“We keep it all as local as possible. We have chutneys, jams, sauces, oils. The oils and dressings come from Yorkshire Rapeseed Oil in Thixendale; a lady in the village makes the jams and chutneys with every sale going to Atwick Church; we get honey from Bay View Bees in Hunmanby, from the same chap who we bought our Hereford bull from; and we’ve started selling small bunches of flowers.”

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“The Egg Shed is open all week, from eight in the morning ‘til eight at night,” says James. “And what we call the Meat Store, where we converted an old building and have a couple of freezers and a fridge, is open Saturday (9am-1pm) and Sunday (9am-midday) or by appointment. We get a lot of people text us and pop down at a teatime on a weekday to get bits and pieces.”

James says that he, Gemma and Peter are all really chuffed with the way it has gone so far and that it has brought about a real change to the way in which they farm.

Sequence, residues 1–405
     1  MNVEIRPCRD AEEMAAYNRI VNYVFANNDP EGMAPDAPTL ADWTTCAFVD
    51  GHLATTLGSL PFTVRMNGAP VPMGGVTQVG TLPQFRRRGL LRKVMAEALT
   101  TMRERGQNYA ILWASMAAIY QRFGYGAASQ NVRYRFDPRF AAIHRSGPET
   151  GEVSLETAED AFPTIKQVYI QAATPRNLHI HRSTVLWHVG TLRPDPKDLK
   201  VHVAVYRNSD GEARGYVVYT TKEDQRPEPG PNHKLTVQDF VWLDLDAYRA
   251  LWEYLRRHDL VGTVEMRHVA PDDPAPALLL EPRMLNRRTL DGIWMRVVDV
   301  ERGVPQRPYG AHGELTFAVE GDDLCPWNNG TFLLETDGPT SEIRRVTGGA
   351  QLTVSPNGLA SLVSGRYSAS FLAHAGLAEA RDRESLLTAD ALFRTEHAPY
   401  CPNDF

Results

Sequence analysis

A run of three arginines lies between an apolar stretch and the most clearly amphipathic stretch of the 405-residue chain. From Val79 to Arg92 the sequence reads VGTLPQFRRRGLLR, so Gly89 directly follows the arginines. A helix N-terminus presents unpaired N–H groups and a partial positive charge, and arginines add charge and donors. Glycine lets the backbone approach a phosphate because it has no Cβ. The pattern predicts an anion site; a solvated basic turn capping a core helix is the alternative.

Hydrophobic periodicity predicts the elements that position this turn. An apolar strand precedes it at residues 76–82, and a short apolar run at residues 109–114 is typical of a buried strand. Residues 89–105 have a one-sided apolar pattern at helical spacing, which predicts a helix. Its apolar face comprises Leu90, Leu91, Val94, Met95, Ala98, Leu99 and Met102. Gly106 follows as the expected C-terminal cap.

“Ironically, we’ve almost gone back to what it was like when I was younger, almost full circle. In the past we have tried to compete by having acres of arable, but we have some marginal land that is far better as grass; and we have tried to compete with sheep numbers and cattle numbers; but in the end we are coming back round to being a traditional mixed farm.

“We are finding that people like coming here to a real working farm, meeting me and Gemma and Pete and seeing the animals in the yard and meet the kids.

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“Pete has been involved with the farm longer than me and he plays an important part here. He’s seen more of the highs and lows of it, and he’s really opened up to people coming on to the farm. When we do a stall in Hornsea Market once a month Pete will look after the shop.”

Grange Farm has 110 acres of arable cropping this year with 20 acres of spring beans and 90 acres spring barley; 100 acres of grass; and 40 acres in environmental schemes through wild bird cover.